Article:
According to Facebook no two formats are equal in terms of effectiveness. “These days people talk a lot about the second screen, but it’s not clear anymore which screen we’re talking about,” said Mark Rabkin, Facebook’s VP of Ads and Business Platform. That reality means that advertisers need to measure different ad formats differently.
People’s attention wanes the fastest in feeds, like on Facebook or Twitter, since an ad is merely one piece of content among many – so the bar for capturing attention is high. But feeds are likely to help forge deeper connections if an ad quickly communicates a message or grabs people’s attention, says Facebook, offering massive scale and reach.
According to Facebook, most people are comfortable with pre-roll and mid-roll video ads they can’t skip, as long as the videos aren’t too long.
A majority of people watch such ads until completion; more than 70% do so for Facebook’s own midroll ads. Facebook says that advertisers can take advantage of these high completion rates by getting to the point quickly: 6-seconds and 15-seconds are emerging as standards for video ads, says the company’s research.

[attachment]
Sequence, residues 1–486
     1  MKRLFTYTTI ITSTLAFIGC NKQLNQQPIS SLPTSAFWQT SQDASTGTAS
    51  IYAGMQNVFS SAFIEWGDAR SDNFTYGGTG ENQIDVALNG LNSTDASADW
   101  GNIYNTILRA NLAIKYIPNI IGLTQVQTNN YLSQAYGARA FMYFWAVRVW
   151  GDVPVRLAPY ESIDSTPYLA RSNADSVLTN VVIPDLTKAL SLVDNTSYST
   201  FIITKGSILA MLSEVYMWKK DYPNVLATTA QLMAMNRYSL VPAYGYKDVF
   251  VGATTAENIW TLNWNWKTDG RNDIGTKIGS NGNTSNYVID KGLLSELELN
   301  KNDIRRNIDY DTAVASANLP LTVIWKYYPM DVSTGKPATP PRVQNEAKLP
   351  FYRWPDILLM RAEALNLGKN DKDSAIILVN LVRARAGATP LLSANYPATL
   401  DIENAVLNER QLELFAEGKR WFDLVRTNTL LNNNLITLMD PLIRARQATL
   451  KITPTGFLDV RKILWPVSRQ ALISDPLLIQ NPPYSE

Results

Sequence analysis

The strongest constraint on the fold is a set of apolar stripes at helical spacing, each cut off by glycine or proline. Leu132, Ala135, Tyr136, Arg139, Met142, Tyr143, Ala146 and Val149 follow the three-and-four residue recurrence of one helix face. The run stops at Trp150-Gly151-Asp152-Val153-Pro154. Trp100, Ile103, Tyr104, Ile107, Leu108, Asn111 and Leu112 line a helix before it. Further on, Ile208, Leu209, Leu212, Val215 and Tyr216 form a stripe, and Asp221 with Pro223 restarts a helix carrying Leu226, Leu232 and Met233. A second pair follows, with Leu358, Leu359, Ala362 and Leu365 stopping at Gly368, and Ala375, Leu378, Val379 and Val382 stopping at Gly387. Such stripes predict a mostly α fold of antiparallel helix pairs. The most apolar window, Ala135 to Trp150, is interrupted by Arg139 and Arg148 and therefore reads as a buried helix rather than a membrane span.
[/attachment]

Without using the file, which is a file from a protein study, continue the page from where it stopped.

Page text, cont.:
As for unskippable ads, people have become accustomed on tapping on the skip-button as soon as it pops us and zapping through the creative. So, advertisers should consider the first five seconds, what Facebook calls the “pre-skip portion” as an independent high-reach ad placement, and focus on the rest to provide more information to people who have demonstrated their interest.
Facebook, for its part, is urging advertisers to rethink mobile advertising, by pushing out shorter, more attention-grabbing ads in a variety of different creative formats.
Dua, T. (2018, January 5). Facebook Says People are OK with Video Ads that Interrupt Content, as Long as They Are Short. Business Insider.